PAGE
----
Copyediting relies on a style manual and focuses primarily on the sentence level. Copyeditors may correct some things at the paragraph level (like a line editor) but that is not usually the primary focus. Copy editors want to make sure each sentence is grammatically correct, and that the spellings are correct or consistent if variant spellings are used. They make sure numbers, abbreviations, and acronyms are correct. They also check all front and back matter in the book for correctness and consistency and do the same for any illustrative matter. They go over the writing to be sure the message the  author is trying to convey is clear.

Proofreaders read over the material once the type is set. By that point, tinkering with the text can be expensive. So proofreaders make sure there are no typos, misspellings, or egregious grammar errors, and they make sure that capitalization and punctuation are correct.

How do you become an editor?

Like everything else, publishing has changed tremendously over the past few decades, particularly by the unbounded changes in technology. Up until fifteen or so years ago, most editors got their start either with publishing houses or in newspapers or magazines. Typically these people had college degrees in journalism or English. But it was also possible to get started with only a high school diploma. Talented young people were sometimes hired out of high school or community colleges and trained on the job to proofread or copyedit after working in other capacities for the firm.

But when things started to go digital, publishers, like many industries, consolidated into a few massive houses (commonly called the big five) and a larger number of smaller publishers (with 5-500 employees). Many of these publishing houses no longer have in-house copyeditors; instead, they rely on freelancers.

On-the-job training


So how are the freelancers trained? Unlike some positions like teaching or hairdressing, there are no universal requirements. Many editing freelancers were trained in publishing houses. They left to become freelancers because they wanted more control over clients, rates, and work-life balance. These folks may find it easier to build a client base because of past contacts. And since they have experience in the industry, they understand it intimately.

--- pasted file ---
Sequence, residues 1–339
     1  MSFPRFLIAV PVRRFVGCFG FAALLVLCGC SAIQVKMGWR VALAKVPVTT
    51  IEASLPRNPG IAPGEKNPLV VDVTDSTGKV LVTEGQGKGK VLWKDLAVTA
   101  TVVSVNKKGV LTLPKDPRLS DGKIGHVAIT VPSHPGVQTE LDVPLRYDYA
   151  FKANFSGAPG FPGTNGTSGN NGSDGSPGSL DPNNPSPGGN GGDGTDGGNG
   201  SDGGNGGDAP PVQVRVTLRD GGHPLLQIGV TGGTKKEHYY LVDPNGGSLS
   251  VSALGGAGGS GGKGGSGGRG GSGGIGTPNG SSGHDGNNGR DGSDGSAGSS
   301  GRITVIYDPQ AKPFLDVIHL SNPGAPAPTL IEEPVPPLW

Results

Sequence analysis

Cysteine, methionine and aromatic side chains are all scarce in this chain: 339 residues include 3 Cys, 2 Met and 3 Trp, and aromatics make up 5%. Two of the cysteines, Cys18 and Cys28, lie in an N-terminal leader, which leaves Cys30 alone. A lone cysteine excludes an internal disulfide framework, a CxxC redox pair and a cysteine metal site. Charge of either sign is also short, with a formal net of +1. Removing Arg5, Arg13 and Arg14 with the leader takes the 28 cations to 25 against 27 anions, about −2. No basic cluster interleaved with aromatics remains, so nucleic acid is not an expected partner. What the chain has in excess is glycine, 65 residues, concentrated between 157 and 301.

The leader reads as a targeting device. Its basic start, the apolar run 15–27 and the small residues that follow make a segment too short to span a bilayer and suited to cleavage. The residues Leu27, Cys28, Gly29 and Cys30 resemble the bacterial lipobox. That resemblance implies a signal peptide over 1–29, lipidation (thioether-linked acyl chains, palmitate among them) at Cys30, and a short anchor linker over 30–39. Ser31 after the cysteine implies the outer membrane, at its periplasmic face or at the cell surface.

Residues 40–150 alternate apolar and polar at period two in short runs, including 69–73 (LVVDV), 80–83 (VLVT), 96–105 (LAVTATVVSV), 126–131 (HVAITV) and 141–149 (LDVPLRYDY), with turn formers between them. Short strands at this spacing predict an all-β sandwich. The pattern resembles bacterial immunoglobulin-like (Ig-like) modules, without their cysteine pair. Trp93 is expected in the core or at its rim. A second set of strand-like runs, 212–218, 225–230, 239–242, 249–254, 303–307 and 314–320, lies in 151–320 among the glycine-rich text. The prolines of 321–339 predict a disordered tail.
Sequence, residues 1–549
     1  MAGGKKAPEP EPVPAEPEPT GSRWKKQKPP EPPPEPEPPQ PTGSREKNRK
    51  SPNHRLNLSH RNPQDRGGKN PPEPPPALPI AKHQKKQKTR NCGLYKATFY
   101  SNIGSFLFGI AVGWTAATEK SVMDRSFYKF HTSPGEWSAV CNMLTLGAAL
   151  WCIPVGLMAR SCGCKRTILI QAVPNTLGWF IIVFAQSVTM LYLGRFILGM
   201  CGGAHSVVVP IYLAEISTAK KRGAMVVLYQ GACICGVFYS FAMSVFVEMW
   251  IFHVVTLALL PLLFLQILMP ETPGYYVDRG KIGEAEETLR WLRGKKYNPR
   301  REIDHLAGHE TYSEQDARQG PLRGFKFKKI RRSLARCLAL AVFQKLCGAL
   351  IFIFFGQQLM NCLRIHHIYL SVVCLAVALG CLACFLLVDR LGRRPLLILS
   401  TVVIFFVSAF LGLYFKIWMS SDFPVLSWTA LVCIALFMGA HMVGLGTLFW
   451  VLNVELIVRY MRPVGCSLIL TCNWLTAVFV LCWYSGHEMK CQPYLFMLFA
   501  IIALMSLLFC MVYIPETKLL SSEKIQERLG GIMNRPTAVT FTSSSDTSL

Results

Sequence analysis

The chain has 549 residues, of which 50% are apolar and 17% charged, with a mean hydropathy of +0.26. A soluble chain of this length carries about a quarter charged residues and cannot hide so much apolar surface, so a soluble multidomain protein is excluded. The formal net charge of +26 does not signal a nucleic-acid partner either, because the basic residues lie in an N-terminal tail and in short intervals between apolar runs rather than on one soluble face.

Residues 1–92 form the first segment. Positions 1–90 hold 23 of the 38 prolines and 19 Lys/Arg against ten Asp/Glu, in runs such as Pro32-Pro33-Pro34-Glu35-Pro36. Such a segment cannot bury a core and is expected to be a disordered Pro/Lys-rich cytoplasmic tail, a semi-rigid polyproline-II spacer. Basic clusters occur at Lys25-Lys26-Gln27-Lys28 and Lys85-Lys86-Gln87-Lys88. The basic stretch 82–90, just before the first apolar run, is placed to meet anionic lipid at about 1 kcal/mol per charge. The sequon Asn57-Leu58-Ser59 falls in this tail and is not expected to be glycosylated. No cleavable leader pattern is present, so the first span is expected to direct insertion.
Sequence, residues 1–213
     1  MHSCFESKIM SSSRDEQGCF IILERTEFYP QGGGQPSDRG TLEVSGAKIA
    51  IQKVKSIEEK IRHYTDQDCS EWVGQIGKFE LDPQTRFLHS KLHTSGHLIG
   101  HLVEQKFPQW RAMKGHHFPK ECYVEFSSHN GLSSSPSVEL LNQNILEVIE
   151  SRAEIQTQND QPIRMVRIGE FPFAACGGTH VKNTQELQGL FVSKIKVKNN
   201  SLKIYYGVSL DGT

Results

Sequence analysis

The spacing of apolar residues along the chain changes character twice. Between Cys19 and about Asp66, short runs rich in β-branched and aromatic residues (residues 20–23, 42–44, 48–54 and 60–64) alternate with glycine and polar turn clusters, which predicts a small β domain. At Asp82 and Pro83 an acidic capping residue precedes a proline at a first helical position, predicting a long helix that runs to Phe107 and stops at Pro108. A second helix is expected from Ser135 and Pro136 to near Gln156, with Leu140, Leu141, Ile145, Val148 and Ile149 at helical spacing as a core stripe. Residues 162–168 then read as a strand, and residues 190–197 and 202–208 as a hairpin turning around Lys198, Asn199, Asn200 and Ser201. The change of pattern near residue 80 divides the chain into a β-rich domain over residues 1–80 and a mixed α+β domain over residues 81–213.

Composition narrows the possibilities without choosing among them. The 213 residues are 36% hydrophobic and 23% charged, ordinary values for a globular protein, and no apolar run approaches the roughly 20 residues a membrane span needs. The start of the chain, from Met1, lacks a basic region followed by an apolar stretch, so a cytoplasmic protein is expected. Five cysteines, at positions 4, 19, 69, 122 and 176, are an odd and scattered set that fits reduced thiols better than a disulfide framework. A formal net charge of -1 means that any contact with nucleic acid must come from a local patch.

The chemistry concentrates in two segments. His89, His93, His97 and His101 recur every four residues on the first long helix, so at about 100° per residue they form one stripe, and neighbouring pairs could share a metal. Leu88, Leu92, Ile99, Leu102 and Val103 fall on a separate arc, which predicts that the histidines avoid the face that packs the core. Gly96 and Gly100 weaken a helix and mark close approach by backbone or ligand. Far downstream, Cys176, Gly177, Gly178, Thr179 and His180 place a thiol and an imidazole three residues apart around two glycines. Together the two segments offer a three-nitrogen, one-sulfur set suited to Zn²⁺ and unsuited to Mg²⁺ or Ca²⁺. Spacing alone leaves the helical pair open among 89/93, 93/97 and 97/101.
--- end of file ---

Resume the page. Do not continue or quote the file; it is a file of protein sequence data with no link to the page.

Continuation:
For those of us never fortunate enough to work in publishing, it is still possible to break into the editing business. But breaking into the industry is a bit trickier. Personally, I am a big believer in taking editing classes. Editing, like any other endeavor, needs to be performed to a high standard. Getting A’s in high school English classes is not enough. 

I got my copyediting certificate at the University of California, San Diego’s Extension. The program, in my opinion, was top-notch. Of course I can’t compare it to the UC, Berkley program or the University of Chicago program. I chose UCSD because it was less expensive and because it was recommended by the kind folks in the editing group on Facebook. Copyediting certification programs are also available in Canada, the UK, and other countries.

I was pleased with my training. At the time of this writing, the program charges $595.00 for each ten-week class. Four courses are required so you can get your certificate in a year or less. These classes include the Grammar Lab, Copyediting I (Light Copyediting), Copyediting II (Medium Copyediting), and Copyediting III (Heavy Copyediting, which is more like substantive editing).

It’s crucial to understand grammar intimately. And English grammar is not simple. And because it’s always changing, I have come to understand that I will be a grammar student for the rest of my life.

If grammar is the foundation, style manuals are like the ground floor to a copyeditor. Without them, you have no guidance on thousands of issues like how and when to capitalize “president” or whether is use 5 or spell out “five” for the number. Our program used The Chicago Manual of Style (which is approximately 1,500 pages long) to train us to use style manuals. Once you’ve mastered CMOS, the reasoning goes, you can master any style manual. You can see a short list of recommended style manuals in my blog post “The Parts of a Nonfiction Book: A Detailed List for Writers.”

If you can’t devote a year and roughly $2400.00 for classes at a university, you can also take classes through organizations like the American Copy Editors Society (ACES) and the Editorial Freelancers Association (EFA). There are other editorial organizations all over the world that offer classes. They are less expensive and teach many of the same things UCSD did, albeit, probably in less depth.

The types of materials that need editing are vast. Do you have a bachelor degree in biology? You could specialize in scientific papers, journal articles, books, or blogs. Are you a paralegal? You could specialize in editing legal writing. Even a generalist (someone who will edit anything) can branch off into other services like indexing, fact-checking, permissions gathering, or formatting.

Where editors work